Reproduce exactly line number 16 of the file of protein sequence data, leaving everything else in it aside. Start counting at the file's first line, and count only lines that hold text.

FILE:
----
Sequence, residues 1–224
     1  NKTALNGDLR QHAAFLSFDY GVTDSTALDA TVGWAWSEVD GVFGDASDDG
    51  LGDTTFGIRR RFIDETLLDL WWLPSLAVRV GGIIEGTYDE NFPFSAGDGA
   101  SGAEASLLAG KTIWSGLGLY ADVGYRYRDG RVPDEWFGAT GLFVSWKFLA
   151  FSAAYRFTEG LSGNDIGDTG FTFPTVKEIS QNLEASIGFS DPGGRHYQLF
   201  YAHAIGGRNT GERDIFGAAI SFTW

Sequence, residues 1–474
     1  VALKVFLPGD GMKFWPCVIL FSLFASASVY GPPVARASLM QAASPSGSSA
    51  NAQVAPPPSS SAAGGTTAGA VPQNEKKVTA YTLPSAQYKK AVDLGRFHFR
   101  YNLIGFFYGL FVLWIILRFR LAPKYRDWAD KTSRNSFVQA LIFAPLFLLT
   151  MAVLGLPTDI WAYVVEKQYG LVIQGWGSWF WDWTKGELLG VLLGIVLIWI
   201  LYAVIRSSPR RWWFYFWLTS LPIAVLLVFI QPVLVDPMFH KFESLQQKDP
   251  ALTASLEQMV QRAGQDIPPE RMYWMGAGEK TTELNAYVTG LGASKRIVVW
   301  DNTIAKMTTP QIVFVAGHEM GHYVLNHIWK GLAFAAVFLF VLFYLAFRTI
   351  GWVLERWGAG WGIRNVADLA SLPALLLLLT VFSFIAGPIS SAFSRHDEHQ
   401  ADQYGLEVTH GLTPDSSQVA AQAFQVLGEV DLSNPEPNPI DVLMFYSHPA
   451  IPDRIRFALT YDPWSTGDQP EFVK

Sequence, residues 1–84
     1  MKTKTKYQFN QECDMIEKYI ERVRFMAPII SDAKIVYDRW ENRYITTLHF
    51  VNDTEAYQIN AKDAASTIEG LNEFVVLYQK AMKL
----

   401  ADQYGLEVTH GLTPDSSQVA AQAFQVLGEV DLSNPEPNPI DVLMFYSHPA